Facebook, of course, is a natural source of bait for phishing attacks. This type of email intends to pique the recipient’s curiosity (or vanity). Again, they mimic the look of an actual Facebook alert, and notice there is a second hook in the smaller “unsubscribe” link.
This is an example of a more sophisticated spear phishing-attack, in this case sent to professors at Cypress International University. Notice how it’s a much longer email, and it even includes an email address, phone number, and logo from a legitimate security company (Tenable) to add to its authenticity. The link also appears connect to http://cloud.tenable.com, the name of an actual company server. But if a user were to mouse over the link instead of clicking, the actual address would be revealed as a scam.
“Ms. Wilton” cautions the recipient that hackers have been using their credentials to access the system and they should only use the provided link for access. Of course, the truth is, the hacking will only commence IF they use that link.
Acquiring a Compromised Host
Once the attackers have scored a hit, the rampage begins. If they’ve managed to get admin credentials, they could surreptitiously install vicious scripts and ensnare more users and data. This can be done by a trick called DNS cache poisoning, also known as “pharming,” where the hackers take over the company’s routers and/or entire networks; sometimes they redirect traffic to phony websites that appear to have the correct URL or scan hard drives and email inboxes for more important information, as well as intercept all unencrypted data.
Successful hackers can also install malware or spyware on hard drives to turn them into phishing zombies sending out more viruses or controlling other computers. As mentioned in our other articles, they can record keystrokes, take screenshots, disable antivirus software updates, and basically collect a whole lot of secret information they shouldn’t have.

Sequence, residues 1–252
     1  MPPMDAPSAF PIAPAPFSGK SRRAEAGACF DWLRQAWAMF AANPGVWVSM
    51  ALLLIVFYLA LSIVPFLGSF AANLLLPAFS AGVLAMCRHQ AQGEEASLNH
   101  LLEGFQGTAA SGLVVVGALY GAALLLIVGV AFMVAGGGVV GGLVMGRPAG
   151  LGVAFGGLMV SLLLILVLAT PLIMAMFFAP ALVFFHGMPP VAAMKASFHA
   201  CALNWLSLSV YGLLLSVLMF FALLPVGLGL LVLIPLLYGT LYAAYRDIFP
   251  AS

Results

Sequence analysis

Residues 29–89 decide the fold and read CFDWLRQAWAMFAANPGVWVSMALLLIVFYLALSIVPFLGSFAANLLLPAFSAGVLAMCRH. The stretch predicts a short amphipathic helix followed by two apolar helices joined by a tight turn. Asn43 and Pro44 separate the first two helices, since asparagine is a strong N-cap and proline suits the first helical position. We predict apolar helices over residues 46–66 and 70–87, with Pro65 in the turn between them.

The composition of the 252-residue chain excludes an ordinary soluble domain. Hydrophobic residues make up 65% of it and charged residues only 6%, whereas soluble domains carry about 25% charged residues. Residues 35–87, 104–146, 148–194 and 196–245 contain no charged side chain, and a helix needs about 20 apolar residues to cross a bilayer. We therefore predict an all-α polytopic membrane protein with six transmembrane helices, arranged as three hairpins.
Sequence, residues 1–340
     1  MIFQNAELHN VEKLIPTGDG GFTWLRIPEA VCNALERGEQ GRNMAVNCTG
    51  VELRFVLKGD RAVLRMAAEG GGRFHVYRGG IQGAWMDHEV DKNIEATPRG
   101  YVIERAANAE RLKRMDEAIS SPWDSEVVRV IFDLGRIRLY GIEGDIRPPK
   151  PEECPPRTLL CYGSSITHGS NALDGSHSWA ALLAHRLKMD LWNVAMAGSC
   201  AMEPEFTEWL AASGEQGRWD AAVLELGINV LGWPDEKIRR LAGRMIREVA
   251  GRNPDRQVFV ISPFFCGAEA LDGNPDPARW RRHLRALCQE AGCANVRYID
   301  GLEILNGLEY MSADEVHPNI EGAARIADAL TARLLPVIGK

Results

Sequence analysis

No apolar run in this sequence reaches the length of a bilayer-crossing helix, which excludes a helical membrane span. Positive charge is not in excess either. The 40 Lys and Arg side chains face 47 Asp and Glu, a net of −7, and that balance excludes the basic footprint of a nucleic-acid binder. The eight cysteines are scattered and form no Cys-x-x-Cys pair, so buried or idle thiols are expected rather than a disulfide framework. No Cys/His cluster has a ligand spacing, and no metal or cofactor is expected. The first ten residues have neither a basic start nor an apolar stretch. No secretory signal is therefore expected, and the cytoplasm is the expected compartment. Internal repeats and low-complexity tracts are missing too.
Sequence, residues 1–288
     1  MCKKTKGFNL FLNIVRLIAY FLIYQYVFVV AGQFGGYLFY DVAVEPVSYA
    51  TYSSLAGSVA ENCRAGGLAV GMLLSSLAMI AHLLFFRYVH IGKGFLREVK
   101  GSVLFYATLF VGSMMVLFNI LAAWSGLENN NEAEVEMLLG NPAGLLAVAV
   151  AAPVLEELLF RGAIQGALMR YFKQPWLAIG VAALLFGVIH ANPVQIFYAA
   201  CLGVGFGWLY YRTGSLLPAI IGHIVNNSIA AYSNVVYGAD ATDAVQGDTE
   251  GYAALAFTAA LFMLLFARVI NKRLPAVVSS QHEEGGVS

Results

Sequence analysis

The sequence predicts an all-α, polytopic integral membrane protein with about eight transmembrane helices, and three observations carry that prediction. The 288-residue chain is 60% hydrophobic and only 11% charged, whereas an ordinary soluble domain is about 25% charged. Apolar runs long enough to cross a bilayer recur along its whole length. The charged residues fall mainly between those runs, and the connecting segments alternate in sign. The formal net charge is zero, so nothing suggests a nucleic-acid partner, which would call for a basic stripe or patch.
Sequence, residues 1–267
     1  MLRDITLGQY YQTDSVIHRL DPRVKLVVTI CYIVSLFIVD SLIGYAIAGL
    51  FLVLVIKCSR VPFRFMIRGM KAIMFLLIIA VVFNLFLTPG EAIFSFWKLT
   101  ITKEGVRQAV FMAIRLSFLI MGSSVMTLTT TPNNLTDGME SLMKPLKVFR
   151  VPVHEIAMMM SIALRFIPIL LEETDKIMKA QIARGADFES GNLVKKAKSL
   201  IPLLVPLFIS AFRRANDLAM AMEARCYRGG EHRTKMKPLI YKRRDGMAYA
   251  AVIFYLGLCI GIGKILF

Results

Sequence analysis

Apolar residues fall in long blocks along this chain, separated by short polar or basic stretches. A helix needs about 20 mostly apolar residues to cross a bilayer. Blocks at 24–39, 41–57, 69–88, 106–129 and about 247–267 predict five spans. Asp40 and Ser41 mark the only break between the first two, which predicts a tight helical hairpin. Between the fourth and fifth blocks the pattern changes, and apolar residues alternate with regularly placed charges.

Configuring Data Transfer Mechanism
Now that they have the access to the desired data, the extraction process can begin. All the vital personal information they want is scraped from the database (e.g., names, addresses, credit cards, social security numbers, passwords, etc.) and put it in a spreadsheet. Depending on the type of attack, they could be gathering this information on the fly via a rogue pop-up window or web form, or by mining the existing data.
Then it’s time to send it off to the bad guys. According to an autopsy of several compromised phishing websites analyzed by our parent company InfoSec, this stolen data is usually either downloaded, or simply emailed to the hacker or group unencrypted.
Both options do come with risk for the phishers: Downloading to a hard drive may require multiple visits to the website, potentially alerting them to the attack. Emailing the information can also trigger alarms. Still, the report concluded, most hackers prefer the email method for its simplicity, and rarely use FTP.
Selling Data on the Black Market
From there, the money starts to roll in as the thieves parse the info and sell it to the highest bidder. TrendMicro did an analysis of global prices for personal information on the black market and calculated the average amount thieves are willing to pay in China, Brazil, and Russia, considered the “axis of evil” for data theft.
On an interactive website, they show that a single individual’s mobile phone number and email address are worth $1236 in Brazil, $81 in China, and $100 in Russia. They go on to extrapolate how much this means in terms of dollars and damage, citing recent large-scale corporate hacks. For example, J.P. Morgan Chase & Co.’s August 2014 breach compromised the data of 76 million households.
Phishing is both complex and simple: it involves scores of criminals working together to fool people into clicking a link. The stolen data is then extracted, sent via email, and the info is sold and/or the computer used for more unsavory deeds.
Now that you know a little more about phishing, it’s time for you to think like a criminal – but in a way that will help others in your organization. On our website, registered SecurityIQ users can peruse the library of sample phishing email templates and modify or create their own.
Then, we suggest you send these emails to employees or coworkers as a means of educating them about phishing scams and see if they pass the test. Don’t worry, our emails are harmless – if the recipient clicks on the baited link, they are taken to a short video where they can learn how to be more vigilant. Sign up for a free SecurityIQ account today!